Last updated: November 7, 2017
In late August, I had the opportunity to show my parents around Glacier National Park for the second season in a row. Since my family’s first visit to Glacier, nearly ten years ago, my dad was determined to hike to Grinnell Glacier. Our first attempt at reaching the glacier ten years ago was cut short because of hazardous snow halfway up the trail, and his second attempt was also unsuccessful. This year marked his third try reaching the glacier. We headed out early one August morning, loaded down with water and snacks. Having worked in the park for two seasons, I’ve hiked to the glacier numerous times, so I was more concerned about reaching the destination than enjoying the journey to the glacier. However, my dad’s slow but steady pace and his enthusiasm and delight in the scenery around him really made me stop and admire the amazing place that I have the opportunity to work and play in. Seeing the trail through my dad’s eyes gave me a chance to view the park from a whole new perspective. Never before had I noticed in such detail the reflection the mountains cast on Grinnell Lake or the intense color of the wildflowers and rocks contrasting with the blue skies. The highlight of the hike for us that day was reaching the glacier just in time to see and hear a large chunk of ice calve off the terminus of the glacier and drop into the icy blue waters below. After hiking to this glacier many times, I was still amazed by this unique and rare occurrence. Taking the time to slow down and enjoy the scenery gave me a chance to see the park through the eyes of someone hiking this trail for the first time, and encouraged me to notice the beauty that surrounds me every day.
To all of the visitors that traveled to Glacier National Park for the first time, I hope you found a place to reflect and contemplate the beauty of the surrounding scenery, despite the congestion of the summer season. To all of the visitors that came back for your fifth, tenth, or even fiftieth visit, I hope you had a chance to see the park from a new perspective, either by visiting a new area of the park or just taking the time to truly enjoy the scenery around you. While the tangible souvenirs you purchased in the park may become less meaningful as time goes on, I hope the memories that you made and the impressions that you had of Glacier remain with you throughout your lives. Whether you entered the park in West Glacier or Many Glacier, Two Medicine or Saint Mary, I hope you had the opportunity to reflect on the splendor of the mountains and the multitude of plants and wildlife that call this special place home. If you stepped out onto one of the park’s 734 miles of trails, I hope you had the chance to see the impact that wildlife, water, and fire have had on this landscape. From wildlife tracks to fire-burned lodgepole pines, change is easily visible throughout the surrounding scenery, always a reminder that the forces at work in Glacier are beyond our control.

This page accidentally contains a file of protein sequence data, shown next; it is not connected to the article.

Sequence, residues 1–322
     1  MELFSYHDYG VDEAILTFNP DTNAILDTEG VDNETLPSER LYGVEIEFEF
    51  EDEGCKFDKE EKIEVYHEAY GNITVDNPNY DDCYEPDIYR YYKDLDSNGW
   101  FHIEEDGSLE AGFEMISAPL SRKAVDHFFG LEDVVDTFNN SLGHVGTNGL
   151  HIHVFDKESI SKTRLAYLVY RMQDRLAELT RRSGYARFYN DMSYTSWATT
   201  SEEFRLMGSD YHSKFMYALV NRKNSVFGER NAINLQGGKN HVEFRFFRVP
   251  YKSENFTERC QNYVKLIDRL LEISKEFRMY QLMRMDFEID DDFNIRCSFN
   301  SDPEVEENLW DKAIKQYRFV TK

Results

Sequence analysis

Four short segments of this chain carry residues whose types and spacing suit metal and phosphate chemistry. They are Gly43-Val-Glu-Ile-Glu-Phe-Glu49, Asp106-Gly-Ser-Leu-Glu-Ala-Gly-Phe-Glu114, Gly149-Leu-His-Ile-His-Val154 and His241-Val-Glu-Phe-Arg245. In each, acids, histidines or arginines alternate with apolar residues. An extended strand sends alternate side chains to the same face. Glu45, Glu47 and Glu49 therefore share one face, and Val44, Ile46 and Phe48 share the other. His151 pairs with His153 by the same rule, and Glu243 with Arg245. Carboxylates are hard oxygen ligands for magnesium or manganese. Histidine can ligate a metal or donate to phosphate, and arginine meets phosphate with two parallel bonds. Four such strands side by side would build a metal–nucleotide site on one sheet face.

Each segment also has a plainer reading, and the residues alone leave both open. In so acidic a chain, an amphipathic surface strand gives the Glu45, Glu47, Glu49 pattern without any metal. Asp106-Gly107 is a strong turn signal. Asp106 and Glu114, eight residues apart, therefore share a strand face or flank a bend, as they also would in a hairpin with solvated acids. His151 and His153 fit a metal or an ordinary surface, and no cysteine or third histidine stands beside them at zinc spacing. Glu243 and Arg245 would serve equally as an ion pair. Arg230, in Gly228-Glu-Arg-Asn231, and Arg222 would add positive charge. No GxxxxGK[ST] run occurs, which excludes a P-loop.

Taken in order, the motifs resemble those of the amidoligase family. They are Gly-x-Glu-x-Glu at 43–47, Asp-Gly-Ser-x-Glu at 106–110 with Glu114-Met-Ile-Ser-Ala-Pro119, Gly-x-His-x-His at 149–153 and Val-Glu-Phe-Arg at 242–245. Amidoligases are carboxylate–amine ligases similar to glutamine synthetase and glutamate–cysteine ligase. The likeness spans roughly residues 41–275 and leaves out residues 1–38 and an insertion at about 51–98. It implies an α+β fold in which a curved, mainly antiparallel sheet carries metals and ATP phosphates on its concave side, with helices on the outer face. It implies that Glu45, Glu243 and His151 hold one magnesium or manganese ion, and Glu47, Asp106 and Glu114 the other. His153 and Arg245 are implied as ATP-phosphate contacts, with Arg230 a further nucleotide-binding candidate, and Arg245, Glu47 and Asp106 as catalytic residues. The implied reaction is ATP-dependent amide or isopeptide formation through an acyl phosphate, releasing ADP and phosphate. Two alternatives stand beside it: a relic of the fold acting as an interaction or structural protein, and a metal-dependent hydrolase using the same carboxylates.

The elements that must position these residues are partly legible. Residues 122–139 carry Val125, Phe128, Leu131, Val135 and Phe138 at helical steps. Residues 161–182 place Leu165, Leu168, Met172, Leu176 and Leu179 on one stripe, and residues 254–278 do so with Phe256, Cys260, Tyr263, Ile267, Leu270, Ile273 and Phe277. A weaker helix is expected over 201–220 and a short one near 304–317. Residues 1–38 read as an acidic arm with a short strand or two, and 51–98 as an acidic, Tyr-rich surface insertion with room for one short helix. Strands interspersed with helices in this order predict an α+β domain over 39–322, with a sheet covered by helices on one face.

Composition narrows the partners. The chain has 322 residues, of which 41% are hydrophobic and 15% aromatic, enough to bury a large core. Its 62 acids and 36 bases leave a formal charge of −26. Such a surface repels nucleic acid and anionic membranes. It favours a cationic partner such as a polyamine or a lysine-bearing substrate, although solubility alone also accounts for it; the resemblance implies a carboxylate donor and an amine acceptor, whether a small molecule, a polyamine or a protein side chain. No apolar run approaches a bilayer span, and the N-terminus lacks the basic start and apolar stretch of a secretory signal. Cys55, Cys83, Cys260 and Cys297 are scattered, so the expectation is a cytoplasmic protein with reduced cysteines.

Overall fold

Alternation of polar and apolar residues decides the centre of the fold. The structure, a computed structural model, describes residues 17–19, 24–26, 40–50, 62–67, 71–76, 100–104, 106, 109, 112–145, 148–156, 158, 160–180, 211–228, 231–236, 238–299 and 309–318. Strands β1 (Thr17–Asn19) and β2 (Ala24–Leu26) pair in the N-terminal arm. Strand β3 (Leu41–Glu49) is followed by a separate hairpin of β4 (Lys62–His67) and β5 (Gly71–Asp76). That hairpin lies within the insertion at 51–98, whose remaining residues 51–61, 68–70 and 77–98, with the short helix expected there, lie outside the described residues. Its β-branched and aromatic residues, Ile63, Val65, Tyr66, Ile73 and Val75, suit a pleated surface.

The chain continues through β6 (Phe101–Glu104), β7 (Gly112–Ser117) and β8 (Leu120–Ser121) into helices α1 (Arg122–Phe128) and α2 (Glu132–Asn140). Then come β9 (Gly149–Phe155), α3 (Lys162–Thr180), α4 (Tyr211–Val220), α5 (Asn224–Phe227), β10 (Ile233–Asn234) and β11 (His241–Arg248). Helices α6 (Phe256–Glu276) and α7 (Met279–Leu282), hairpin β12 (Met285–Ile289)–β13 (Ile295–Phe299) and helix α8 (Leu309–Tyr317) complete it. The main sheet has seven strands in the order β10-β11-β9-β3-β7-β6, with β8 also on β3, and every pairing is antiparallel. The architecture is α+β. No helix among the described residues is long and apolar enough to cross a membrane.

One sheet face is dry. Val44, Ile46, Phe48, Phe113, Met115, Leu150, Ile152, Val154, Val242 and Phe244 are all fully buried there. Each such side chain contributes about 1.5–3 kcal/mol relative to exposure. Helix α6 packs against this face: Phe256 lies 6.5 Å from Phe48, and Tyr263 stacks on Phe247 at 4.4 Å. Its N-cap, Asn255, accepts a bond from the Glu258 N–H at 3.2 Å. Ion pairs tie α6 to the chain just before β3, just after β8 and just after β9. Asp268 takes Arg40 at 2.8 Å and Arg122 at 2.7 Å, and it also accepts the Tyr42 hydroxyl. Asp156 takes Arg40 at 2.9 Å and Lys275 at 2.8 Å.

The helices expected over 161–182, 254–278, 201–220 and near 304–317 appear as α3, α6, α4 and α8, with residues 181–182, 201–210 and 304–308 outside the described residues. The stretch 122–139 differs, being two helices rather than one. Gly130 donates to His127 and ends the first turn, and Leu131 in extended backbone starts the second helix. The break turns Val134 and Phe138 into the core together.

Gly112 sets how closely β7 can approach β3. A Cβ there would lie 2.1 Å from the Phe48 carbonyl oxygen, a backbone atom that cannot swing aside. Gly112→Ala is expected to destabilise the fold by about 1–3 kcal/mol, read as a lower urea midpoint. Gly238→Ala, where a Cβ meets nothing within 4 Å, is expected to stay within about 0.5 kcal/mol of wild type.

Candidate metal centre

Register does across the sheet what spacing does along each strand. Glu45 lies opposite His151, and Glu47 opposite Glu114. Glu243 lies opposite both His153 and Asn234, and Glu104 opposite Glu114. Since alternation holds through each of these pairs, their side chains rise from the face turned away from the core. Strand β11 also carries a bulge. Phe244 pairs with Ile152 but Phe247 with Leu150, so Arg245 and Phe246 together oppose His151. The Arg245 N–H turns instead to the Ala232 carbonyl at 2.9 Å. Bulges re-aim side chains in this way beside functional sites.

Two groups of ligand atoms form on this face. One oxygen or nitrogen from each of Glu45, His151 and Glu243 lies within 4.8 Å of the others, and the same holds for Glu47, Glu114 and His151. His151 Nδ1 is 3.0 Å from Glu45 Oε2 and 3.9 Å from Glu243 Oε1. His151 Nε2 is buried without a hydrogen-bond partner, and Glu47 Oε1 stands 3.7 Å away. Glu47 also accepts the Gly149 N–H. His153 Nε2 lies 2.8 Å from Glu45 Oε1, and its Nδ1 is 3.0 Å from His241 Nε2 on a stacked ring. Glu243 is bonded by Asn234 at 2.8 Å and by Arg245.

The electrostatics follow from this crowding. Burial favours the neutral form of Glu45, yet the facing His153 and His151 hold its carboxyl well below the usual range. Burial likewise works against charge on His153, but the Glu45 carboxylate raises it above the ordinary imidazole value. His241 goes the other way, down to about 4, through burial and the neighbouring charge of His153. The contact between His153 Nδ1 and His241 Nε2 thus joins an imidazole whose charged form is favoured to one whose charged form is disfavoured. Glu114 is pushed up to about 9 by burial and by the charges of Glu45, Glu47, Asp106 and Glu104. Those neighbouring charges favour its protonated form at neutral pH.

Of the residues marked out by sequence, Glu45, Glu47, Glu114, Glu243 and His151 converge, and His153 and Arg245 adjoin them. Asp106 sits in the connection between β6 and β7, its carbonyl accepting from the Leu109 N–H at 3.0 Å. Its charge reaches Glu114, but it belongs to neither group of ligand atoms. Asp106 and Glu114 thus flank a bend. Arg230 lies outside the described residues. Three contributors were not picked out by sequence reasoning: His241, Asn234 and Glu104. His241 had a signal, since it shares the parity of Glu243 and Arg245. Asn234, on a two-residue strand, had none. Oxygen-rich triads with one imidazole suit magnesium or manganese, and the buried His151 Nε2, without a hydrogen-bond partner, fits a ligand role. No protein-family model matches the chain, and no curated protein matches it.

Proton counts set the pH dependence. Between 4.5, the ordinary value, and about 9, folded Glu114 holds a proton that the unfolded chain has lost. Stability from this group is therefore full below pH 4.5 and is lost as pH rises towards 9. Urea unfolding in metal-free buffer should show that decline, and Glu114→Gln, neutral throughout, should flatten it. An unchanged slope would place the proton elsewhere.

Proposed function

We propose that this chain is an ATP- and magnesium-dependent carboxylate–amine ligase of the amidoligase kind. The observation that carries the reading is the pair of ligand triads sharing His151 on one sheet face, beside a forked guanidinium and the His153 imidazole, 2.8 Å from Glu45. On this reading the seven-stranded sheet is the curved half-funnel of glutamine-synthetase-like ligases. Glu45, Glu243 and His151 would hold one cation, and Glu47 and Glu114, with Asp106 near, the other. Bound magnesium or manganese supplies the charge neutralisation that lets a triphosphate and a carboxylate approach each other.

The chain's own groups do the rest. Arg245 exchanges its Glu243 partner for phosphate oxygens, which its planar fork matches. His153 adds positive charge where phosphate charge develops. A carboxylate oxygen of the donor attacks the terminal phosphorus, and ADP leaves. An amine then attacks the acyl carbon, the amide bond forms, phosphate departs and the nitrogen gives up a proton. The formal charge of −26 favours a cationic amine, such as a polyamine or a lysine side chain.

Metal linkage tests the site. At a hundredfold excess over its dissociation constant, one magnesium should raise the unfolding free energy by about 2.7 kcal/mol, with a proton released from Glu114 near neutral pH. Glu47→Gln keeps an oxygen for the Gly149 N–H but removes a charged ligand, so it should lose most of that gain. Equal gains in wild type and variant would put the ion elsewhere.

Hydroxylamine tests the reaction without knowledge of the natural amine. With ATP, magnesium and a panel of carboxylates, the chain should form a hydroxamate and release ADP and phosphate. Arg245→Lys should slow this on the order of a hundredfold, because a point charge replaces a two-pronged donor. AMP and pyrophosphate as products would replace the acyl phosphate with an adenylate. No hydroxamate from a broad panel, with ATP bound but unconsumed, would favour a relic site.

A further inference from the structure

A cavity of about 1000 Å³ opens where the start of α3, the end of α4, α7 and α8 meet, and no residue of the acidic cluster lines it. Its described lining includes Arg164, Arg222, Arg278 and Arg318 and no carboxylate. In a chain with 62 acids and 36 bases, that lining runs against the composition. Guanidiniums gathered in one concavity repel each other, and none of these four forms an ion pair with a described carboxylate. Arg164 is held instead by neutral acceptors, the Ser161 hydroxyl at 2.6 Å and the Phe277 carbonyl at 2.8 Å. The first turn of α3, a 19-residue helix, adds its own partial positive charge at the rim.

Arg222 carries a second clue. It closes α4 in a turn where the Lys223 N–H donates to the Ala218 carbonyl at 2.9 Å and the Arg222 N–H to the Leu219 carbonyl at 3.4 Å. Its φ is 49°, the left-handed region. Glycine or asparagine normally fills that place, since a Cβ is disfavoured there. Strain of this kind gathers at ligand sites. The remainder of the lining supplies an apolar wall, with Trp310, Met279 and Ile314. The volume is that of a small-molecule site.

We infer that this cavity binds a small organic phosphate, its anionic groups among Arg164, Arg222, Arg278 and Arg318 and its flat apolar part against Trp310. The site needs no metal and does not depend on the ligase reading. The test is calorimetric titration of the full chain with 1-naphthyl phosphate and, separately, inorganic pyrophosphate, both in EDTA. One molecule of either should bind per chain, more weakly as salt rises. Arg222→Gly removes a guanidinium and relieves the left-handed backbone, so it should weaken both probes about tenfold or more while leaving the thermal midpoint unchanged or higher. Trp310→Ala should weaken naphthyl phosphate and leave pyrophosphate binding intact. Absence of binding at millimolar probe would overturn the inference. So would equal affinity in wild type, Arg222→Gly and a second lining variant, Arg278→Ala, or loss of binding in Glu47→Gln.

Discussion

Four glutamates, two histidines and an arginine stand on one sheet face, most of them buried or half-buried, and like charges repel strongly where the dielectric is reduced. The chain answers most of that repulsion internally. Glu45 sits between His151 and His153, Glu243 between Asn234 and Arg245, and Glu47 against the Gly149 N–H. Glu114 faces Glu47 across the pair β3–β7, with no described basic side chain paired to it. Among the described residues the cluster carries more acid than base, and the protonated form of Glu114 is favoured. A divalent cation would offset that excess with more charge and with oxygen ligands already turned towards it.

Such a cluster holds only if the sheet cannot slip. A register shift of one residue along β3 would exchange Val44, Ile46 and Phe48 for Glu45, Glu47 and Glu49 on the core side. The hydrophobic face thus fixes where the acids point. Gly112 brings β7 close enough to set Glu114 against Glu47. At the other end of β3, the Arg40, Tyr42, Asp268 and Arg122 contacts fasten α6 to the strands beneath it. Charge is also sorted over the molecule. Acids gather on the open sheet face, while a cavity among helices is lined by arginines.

Seasonal changes can also provide a fresh perspective on the wonders and beauty of the park. Winter is quickly approaching, and if you have not yet had a chance to explore Glacier during the colder months, it is a wonderful time to enjoy the quieter side of the park. Starting in January, ranger-led snowshoe hikes will be offered on weekends in the morning and afternoon. During the winter, we have the opportunity to see wildlife tracks left behind on snow covered trails and roads, take in the sights of snowcapped mountains reflecting across the crystal-clear waters of Lake McDonald, or even hear the howl of a wolf in the distance. Visiting Glacier National Park throughout the seasons gives us different impressions of the landscape that stay with us for years to come.
Think back to the first time you visited Glacier. What was your first impression? What memories have stayed with you since your first visit to this wild place? Those memories and impressions can change the way you look at the world and influence how you explore natural areas back in your home state. By looking at a national park site from a new perspective, whether it be Glacier or Gettysburg, you may be able to see a different side to the landscape in front of you. Each site has left us with different impressions that shape how we enjoy our federal lands and how we choose to protect and preserve these lands for future generations. As Lyndon B. Johnson said, “If future generations are to remember us with gratitude rather than contempt, we must leave them something more than the miracles of technology. We must leave them a glimpse of the world as it was in the beginning, not just after we got through with it.” So, I encourage you to think about the kind of impression that you’d like to leave for future generations of visitors to Glacier National Park and other National Park Service lands. The future of these natural places is up to us all.
Tell me more about these snowshoe hikes.
Rangers offer snowshoe walks on Saturdays and Sundays starting in January. Participants should be prepared for a variety of winter conditions by wearing appropriate clothing, dressing in layers, and bringing water and snacks. Use your own snowshoes or rent snowshoes for a nominal fee at the Apgar Visitor Center. Snowshoe rentals are also available in neighboring communities.
Meet at the Apgar Visitor Center every Saturday or Sunday, at 10:30 am & 2:00 pm, from January 13 to March 18, 2018.